The Tiger’s Head – Paul Halter (1991)

TigersHead“Suitcases with macabre contents, mysterious and seemingly pointless thefts, murderers who can vanish from locked rooms, tales about evil genies, fakirs who can make young boys disappear and cobras coil and uncoil at will – when they’re not climbing ropes in the air..”

Detective Archibald Hurst summarizes the plot of The Tiger’s Head much more concisely than I could probably manage.  In that one sentence he provides a glimpse of the hail storm of craziness that author Paul Halter blasts you with throughout the novel.  This is par for the course for Halter.  The french author’s novels teeter with impossible crimes stacked every which way.  There’s something simply gluttonous about Halter’s work if you’re a fan of the “how done it”.

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The Quintessence of Queen – Edited by Anthony Boucher (1962)

QuintessenceOfQueenI acquired a substantial portion of my Ellery Queen library through bulk purchases of 15-30 books at a time.  Swept up in the tide were several “associated by name only” compilations such as The Quintessence of Queen – assortments of short stories published in Ellery Queen Mystery Magazine and probably tossed into the bundles by some seller who didn’t know much better.

I’m admit I’m a fan of the short story.  As a child I read a fair amount of Ray Bradbury and similar authors who walked the tightrope between science fiction, mystery, and horror.  As an adult, I found my way into the locked room genre via the short story form.  Since going full in with my reading of John Dickson Carr, I’ve stuck to novels based on the knowledge that authors such as him recycled story ideas occasionally – The Gilded Man being a well known example to appear in both short and long form.  Better to ruin a twenty page read than a two hundred page one…

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The Case of the Solid Key – Anthony Boucher (1941)

CaseOfTheSolidKeyHaving enjoyed Anthony Boucher’s locked room classic Nine Time Nine, my natural next stop was Rocket to the Morgue.  Right?  I mean, that’s the only other title by the author that ever really gets mentioned.   That struck me as odd.  Boucher was a well regarded writer of both science fiction and mysteries, yet I only really associate his name with two mystery novels.  Instead, I typically think of him as the mystery critic who wrote forwards in reprints of other authors’ novels, or assembled short story compilations, such as The Quintessence of Queen.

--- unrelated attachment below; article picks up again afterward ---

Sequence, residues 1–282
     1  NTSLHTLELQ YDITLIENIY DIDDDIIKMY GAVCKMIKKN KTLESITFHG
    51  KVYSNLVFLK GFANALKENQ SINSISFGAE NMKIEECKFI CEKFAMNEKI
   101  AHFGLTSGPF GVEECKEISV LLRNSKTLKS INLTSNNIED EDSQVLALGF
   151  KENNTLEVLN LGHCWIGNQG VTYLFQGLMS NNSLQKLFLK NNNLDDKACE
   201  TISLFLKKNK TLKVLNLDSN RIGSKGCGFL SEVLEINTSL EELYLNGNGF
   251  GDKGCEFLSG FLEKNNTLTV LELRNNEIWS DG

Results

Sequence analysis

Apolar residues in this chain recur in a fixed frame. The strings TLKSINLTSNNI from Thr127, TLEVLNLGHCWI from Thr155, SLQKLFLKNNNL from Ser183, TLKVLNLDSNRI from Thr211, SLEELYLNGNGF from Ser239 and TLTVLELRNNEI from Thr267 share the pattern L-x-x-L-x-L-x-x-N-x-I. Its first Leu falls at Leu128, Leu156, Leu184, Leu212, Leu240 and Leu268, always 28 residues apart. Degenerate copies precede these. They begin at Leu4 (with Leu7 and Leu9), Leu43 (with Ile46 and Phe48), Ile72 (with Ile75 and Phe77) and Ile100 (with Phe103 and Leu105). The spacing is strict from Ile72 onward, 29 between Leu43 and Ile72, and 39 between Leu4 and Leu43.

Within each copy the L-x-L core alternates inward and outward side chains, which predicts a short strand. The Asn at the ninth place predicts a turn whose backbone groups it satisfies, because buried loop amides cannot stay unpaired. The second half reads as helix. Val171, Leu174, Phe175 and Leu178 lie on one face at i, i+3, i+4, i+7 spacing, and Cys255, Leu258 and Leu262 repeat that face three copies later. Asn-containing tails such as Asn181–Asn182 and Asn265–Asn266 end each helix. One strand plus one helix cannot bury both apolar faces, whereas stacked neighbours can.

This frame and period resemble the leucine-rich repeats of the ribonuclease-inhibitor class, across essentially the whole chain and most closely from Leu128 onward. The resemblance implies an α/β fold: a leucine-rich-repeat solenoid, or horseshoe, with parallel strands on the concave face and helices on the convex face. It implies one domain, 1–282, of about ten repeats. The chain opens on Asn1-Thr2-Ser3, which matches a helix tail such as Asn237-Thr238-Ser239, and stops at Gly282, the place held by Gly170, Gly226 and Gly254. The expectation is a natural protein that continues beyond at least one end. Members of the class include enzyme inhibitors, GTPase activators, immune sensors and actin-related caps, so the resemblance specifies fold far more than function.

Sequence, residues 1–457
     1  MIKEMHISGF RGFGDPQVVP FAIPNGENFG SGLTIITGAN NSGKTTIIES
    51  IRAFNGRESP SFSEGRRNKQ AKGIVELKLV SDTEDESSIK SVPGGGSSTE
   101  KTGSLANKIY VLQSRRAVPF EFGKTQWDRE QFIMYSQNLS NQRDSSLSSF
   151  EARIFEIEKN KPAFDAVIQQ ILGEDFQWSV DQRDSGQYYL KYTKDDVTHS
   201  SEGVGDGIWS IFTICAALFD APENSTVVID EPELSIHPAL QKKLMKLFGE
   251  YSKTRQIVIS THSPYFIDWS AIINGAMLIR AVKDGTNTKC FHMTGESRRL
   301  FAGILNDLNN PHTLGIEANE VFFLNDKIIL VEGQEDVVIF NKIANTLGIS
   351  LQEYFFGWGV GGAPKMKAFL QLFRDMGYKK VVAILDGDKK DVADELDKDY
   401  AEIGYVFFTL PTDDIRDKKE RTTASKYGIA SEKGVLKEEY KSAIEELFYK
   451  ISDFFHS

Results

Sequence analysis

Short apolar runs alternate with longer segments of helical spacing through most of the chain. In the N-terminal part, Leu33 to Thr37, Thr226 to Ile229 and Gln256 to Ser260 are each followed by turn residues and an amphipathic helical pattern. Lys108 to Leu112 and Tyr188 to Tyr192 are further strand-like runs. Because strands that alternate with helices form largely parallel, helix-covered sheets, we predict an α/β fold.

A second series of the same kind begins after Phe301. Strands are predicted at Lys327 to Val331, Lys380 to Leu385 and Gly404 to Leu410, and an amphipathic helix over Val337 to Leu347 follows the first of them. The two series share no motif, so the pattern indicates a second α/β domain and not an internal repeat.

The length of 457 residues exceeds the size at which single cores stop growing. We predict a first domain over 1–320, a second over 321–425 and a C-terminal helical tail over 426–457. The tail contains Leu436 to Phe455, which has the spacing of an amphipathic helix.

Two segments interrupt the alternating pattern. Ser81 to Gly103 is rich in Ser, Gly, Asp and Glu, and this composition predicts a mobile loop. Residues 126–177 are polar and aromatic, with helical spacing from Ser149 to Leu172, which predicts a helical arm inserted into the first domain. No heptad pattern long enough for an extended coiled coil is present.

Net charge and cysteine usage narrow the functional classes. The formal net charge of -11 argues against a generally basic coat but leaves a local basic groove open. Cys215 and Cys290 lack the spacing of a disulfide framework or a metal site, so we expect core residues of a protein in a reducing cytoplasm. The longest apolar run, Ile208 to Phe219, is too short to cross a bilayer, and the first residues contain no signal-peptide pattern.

Recent reviews of The Case of the Crumpled Knave and The Case of the Seven Sneezes turned me on to the fact that Boucher had an actual library of books aside from those published under the pseudonym of H.H. Holmes (Nine Time Nine and Rocket to the Morgue).  A comment by Tomcat from Beneath the Stains of Time pointed me towards The Case of the Solid Key – a novel I’d never heard of, and one that Tomcat suggested had a particularly interesting solution.  The ante was raised when JJ from The Invisible Event replied that the book was nearly impossible to find at an affordable price.

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Nine Times Nine – Anthony Boucher (1940)

NineTimesNineIt’s always interesting diving into a renowned impossible crime novel.  John Dickson Carr’s The Hollow Man, Hake Talbot’s Rim of the Pit, John Sladek’s Invisible Green, Clayton Rawson’s Death from a Top Hat – each of these novels are a legend to themselves.  Does that legend create too much of an expectation for the reader?  Even if the stories deliver a tight puzzle and face slapping solution, can they ever really live up to their reputation?

In some cases, these books are known for an element beyond the pure impossibility.  The Hollow Man is the most notable example, with an entire chapter devoted to a locked room lecture provided by Carr’s classic detective Dr Gideon Fell.  The passage is well known for laying out all of the possible solutions to a locked room mystery – of course leaving the door open for the novel to deliver an unaccounted for technique.